Get access

Restructuring the Sea: profound shifts in the world's most invaded marine ecosystem

Authors

  • Dor Edelist,

    Corresponding author
    • Department of Maritime Civilizations and The Leon Recanati Institute for Maritime Studies, The Leon H. Charney School for Marine Sciences, Faculty of Natural Sciences, University of Haifa, Haifa, Israel
    Search for more papers by this author
  • Gil Rilov,

    1. National Institute of Oceanography, Israel Oceanographic and Limnological Research, Haifa, Israel
    Search for more papers by this author
  • Daniel Golani,

    1. Department of Evolution, Systematics and Ecology, the Hebrew University, Jerusalem, Israel
    Search for more papers by this author
  • James T. Carlton,

    1. The Maritime Studies Program, Williams College – Mystic Seaport, Mystic, CT, USA
    Search for more papers by this author
  • Ehud Spanier

    1. Department of Maritime Civilizations and The Leon Recanati Institute for Maritime Studies, The Leon H. Charney School for Marine Sciences, Faculty of Natural Sciences, University of Haifa, Haifa, Israel
    Search for more papers by this author

Correspondence: Dor Edelist, Department of Maritime Civilizations and The Leon Recanati Institute for Maritime Studies, The Leon H. Charney School for Marine Sciences, Faculty of Natural Sciences, University of Haifa, Mount Carmel, Haifa 31905, Israel.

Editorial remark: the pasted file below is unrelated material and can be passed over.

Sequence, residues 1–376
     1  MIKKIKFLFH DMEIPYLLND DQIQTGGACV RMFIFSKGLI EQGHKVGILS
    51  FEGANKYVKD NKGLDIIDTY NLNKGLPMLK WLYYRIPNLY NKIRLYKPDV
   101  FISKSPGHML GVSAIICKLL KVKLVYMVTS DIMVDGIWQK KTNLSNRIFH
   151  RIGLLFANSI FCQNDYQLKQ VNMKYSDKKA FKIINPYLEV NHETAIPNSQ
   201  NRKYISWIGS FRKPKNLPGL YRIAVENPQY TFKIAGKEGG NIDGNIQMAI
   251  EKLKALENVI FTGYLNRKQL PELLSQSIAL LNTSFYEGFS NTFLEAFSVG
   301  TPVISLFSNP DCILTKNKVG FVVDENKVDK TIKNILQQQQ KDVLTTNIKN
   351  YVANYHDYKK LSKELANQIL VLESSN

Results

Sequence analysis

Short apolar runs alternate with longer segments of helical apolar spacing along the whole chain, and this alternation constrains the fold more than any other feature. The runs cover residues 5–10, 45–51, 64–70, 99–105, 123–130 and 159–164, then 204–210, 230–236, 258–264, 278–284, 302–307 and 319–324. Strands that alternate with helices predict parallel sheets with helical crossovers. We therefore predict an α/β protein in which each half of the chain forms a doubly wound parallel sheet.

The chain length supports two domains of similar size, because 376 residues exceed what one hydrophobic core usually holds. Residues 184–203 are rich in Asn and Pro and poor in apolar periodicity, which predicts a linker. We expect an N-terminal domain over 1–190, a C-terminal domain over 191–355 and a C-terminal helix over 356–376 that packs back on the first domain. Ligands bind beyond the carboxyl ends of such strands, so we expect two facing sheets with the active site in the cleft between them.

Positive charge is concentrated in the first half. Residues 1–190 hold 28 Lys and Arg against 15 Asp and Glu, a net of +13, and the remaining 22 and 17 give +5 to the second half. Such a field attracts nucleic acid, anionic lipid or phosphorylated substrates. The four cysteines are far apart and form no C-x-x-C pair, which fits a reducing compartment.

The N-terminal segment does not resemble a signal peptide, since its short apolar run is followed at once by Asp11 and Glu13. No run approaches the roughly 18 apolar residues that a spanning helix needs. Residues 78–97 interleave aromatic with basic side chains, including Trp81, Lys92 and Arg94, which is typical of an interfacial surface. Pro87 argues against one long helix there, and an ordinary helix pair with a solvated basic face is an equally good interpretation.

E-mail: blackreefs@gmail.com

Abstract

Aim

We examine fish invasions in the south-eastern Mediterranean as a model system for the invasibility of open coasts and provide perspectives through a review of global marine fish invasions.

Location

South-eastern Mediterranean (Levant Sea).

Methods

We compare historical (1990–1994) and modern (2008–2011) trawl surveys from the Mediterranean continental shelf and upper slope of Israel to evaluate the relative abundance and biomass of Indo-Pacific fishes and their impact on diversity and trophic level (TrL). We examine resultant changes in community composition by both univariate and multivariate analyses, and compliment this study with a critical global review of open coast marine fish invasions.

Results

A staggering 55 Indo-Pacific fish species have established permanent populations in the Mediterranean in the last 142 years, more than any other marine ecosystem. This process is accelerating with 13 of 27 new arrivals having established in the 21st century alone. Invasive fish biomass and abundance proportions in the shallow open coast have doubled in just two decades and today the Levantine ecosystem is dominated by non-native species. This proliferation has resulted in significant declines of some indigenous species, some to near extirpation levels.

Main conclusions

Here, we show that non-estuarine ecosystems are much more susceptible to large-scale invasion pressures than previously thought. Our results place invasion in the same category with overexploitation, habitat destruction and pollution, processes normally considered as much more critical perturbations to coastal fish communities. We propose that despite these irreversible alterations, invasions have masked overall TrL changes and diversity declines by replacing native fish with invasives of similar ecological position. As species extirpations increase, we anticipate further declines in indigenous biomass, abundance and diversity in the Mediterranean Sea.

Get access to the full text of this article

Ancillary